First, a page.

Nigerian authorities have arrested leaders of a group leading a separatist movement in neighbouring Cameroon.
At least seven leaders of the Movement for the independence of Southern Cameroonians were arrested by the State Security Service on Friday in Abuja.
The group leads a movement for an independent Ambazonia State, which seeks to break away from the domination of the French-speaking Cameroon.
Most leaders of the movement have since fled to neighbouring countries including Nigeria amidst a clampdown by the central government led by President Paul Biya.
The seven officials arrested include the leader of the group, Sisiku Tabe.
Others are Nfor Ngala Nfor, Fidelis Che, Henri Kimeng, Cornielius Kwanga, a professor identified as Awasum and a lawyer, Nalowa Bih.
They were arrested at Nera Hotel in Abuja.
“They were picked up yesterday by the SSS. They (SSS) came with guns and ammunitions to the hotel when they took them away. They arrived for a meeting of the high command of the leadership of the Ambazonia republic scheduled to hold at the hotel,” our source said.
Cameroon has witnessed months of unrest as the push for the independent state intensifies, resulting in clashes between protesters and the police.
Dozens of people have been killed, including members of the security forces.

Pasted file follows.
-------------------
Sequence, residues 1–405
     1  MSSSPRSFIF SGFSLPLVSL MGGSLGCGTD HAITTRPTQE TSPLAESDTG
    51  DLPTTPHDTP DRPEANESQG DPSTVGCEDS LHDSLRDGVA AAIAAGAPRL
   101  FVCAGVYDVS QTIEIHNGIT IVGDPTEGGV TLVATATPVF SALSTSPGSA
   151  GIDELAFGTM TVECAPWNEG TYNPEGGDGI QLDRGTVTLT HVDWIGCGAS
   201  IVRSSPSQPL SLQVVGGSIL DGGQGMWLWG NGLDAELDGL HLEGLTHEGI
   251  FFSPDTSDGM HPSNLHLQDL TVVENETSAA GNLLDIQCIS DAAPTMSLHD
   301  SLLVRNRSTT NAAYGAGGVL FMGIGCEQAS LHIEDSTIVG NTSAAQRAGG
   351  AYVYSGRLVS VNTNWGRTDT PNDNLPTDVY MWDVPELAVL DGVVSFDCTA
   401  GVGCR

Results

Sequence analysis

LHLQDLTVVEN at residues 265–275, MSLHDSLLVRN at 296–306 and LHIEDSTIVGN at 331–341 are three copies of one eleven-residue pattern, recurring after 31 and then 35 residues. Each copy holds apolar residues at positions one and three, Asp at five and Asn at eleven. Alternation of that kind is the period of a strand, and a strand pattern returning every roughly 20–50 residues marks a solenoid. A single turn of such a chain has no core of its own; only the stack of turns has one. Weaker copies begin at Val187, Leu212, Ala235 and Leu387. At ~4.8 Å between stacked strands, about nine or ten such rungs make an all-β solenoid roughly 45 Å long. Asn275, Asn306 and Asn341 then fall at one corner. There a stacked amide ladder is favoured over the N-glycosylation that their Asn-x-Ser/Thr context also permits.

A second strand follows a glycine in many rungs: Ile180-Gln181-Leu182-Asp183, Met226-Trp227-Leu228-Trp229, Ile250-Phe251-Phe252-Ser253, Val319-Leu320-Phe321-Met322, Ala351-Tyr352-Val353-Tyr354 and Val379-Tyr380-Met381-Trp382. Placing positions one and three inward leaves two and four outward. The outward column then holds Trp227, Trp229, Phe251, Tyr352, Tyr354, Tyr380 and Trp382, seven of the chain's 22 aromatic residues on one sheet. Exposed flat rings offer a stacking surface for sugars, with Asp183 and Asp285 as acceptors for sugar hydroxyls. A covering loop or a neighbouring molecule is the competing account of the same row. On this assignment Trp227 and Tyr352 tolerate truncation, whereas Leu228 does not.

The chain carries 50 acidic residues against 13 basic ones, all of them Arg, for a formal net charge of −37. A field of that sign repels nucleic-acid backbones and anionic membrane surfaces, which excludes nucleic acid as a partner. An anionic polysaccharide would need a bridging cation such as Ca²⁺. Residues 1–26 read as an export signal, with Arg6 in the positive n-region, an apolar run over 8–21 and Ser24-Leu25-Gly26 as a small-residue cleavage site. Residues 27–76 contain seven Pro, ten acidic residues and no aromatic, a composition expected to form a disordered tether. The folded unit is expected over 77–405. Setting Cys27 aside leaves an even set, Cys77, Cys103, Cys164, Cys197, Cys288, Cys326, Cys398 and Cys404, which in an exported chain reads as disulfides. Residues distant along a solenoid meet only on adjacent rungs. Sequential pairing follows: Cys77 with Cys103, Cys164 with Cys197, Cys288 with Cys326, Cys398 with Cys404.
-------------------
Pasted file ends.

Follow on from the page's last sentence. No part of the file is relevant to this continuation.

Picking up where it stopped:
Anglophone Cameroonians say they have been marginalised for years by the central government and the country’s majority French-speaking population.
The agitation for secession heightened in October 2017 when the “Ambazonians” declared an autonomy over their region during the anniversary of their union with the French-speaking side.
The declaration was however rejected by the Biya government.
In December, a delegation from Mr. Biya was received by Nigeria’s Vice President, Yemi Osinbajo.
The government said at the time that the purpose of Mr. Osinbajo’s meeting with the Cameroonian delegation, led by the country’s minister of Territorial Administration and Decentralization, Rene Sadi, was to strengthen diplomatic ties between the two nations.
Our source however said the meeting was also meant to broker a secret agreement for Nigeria’s security officials to help arrest about 15 people declared wanted by the Cameroonian government.
The United Nations Refugee agency says at least 7,500 refugees from Cameroon’s English-speaking population have since fled to Nigeria since the crisis in that country worsened in October.
The southern Cameroon comprising its English-speaking population joined their French counterpart in 1961, a year after the country’s independence from colonial rule.
The English-speaking region says its citizens are forced to speak French, amassing its natural resources, amongst other oppressive behaviour.